If far-right leader Marine Le Pen or independent centrist Emmanuel Macron become French president next month it will beg a question: Can either subsequently muster enough backing to form a government?
If the polls are to be believed, France is heading towards the election of a leader who hails from neither the traditional left nor right for the first time since the Fifth Republic was founded in 1958.
French voters have traditionally handed a parliamentary majority to the newly elected president in general elections that follow within weeks.
But in this year's extraordinary contest, neither of France's usually dominant parties -- the Socialists and the conservative Republicans -- is expected to see their candidate get past the first round on April 23.
Communist-backed Jean-Luc Melenchon, riding high in the polls, would also likely struggle to form a parliamentary majority if he pulled off a shock win.
Pascal Perrineau, an analyst from Sciences Po university in Paris, said neither Le Pen nor Macron currently has even "the beginnings of a parliamentary majority".
And while general elections are usually a "ratification" of the presidential result, this year promises to be very different, he said.
"When the president has no majority, it's like an unfinished election."
- Rush for deals -Horse-trading would begin immediately after the May 7 second round runoff, with parties cutting deals to maximise their respective chances in the two-round June 11-18 parliamentary polls.
The "classic" scenario remains possible only if conservative candidate Francois Fillon were to clinch the presidency despite his legal woes.
His right-wing Republicans party and the centre-right UDI are allied in more than 90 percent of France's 577 voting districts.
Fillon, whose frontrunner status evaporated with revelations of financial impropriety, repeatedly reminds voters that he would have no trouble forming a government -- unlike Macron and Le Pen.
But polls currently show the likeliest outcome is a showdown between Macron and Le Pen, currently the joint favourites with about 24 percent each.
Polls show Macron would defeat Le Pen handily if the election were held today.
Macron, who was economy minister under outgoing Socialist President Francois Hollande, quit to form his own "En Marche" movement a year ago, claiming to be "neither of the left or of the right".
He can count on support from some Socialists as well as some members of the right-wing Republicans party as well as the small centrist Modem party with which he has formed an alliance.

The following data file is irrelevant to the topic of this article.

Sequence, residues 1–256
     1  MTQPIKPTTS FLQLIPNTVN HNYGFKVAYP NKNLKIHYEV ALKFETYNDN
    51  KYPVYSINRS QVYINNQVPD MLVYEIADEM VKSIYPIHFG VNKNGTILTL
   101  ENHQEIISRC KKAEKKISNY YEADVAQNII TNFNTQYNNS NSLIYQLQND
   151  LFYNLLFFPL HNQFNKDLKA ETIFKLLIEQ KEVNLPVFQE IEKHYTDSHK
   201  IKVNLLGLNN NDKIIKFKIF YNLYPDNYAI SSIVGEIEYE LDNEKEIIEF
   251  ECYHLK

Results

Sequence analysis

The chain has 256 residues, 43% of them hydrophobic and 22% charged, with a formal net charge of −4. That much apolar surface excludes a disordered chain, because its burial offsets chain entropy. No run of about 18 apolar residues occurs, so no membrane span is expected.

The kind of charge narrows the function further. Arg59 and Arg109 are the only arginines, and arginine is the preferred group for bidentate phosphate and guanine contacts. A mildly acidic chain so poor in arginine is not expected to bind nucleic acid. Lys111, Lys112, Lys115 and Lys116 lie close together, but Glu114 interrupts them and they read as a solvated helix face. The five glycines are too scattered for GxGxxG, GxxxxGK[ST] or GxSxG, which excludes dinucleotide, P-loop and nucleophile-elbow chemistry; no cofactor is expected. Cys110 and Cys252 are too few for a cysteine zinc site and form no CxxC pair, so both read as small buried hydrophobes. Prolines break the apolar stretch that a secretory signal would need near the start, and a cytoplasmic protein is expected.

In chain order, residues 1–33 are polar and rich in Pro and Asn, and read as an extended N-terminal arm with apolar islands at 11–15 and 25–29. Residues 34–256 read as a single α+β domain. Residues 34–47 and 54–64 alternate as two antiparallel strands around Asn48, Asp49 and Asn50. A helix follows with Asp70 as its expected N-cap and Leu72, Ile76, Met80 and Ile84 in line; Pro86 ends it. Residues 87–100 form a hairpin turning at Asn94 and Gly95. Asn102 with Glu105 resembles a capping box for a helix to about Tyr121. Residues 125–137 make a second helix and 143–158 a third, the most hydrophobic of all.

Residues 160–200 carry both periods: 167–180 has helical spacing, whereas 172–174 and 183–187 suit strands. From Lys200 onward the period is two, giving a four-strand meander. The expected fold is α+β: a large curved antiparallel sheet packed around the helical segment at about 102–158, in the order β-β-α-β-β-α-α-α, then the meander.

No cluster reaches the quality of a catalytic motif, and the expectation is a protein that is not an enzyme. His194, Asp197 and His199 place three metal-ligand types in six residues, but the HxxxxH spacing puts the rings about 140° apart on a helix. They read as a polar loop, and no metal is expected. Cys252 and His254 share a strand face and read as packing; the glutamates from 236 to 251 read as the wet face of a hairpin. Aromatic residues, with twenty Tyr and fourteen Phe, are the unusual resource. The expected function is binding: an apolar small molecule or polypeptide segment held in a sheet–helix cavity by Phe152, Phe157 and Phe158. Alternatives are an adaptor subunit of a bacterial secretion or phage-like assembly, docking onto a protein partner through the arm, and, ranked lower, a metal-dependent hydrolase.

Macron, who has promised that half his slate of general election candidates will be political newcomers, has said the issue of whether he can get a majority "is not something we worry about".
"There is no doubt that the French people will follow through on their choice and will give us the means to operate," he added.
Macron, however, has taken pains to avoid being too closely associated with the struggling Socialists.
When the 39-year-old won the endorsement of Hollande's former prime minister Manuel Valls late last month it was a mixed blessing, giving him the backing of a leading politician but weakening his claim to represent a break with the past.
- Beyond the FN -A major unknown is how many MPs Le Pen's National Front (FN) will have in the new parliament, although it is expected to be far more than the two seats it managed in 2012.
If Le Pen wins the presidency she would have to reach out far beyond her party even to achieve a relative parliamentary majority.
FN vice president Louis Aliot has predicted the party would attract support around its agenda of renegotiating France's terms with the European Union and calling a referendum on EU membership within six months of taking power.
Quietly, the FN is believed to be already reaching out to right-wing MPs in the hope of attracting around 20 to its cause, moves that have alarmed the Republicans party leadership sufficiently for it to warn it will kick out any member that makes a deal with the FN.
On the left, the Socialists hope to win a sizeable presence in parliament even if their presidential candidate, staunch leftist Benoit Hamon, crashes out in the first round as polls suggest.
Michel Pouzol, a Socialist lawmaker in the Essonne area south of Paris, said local name recognition would swing it for him.
"People tell me they'll make a strategic vote for Macron, but then vote for me in June," he said.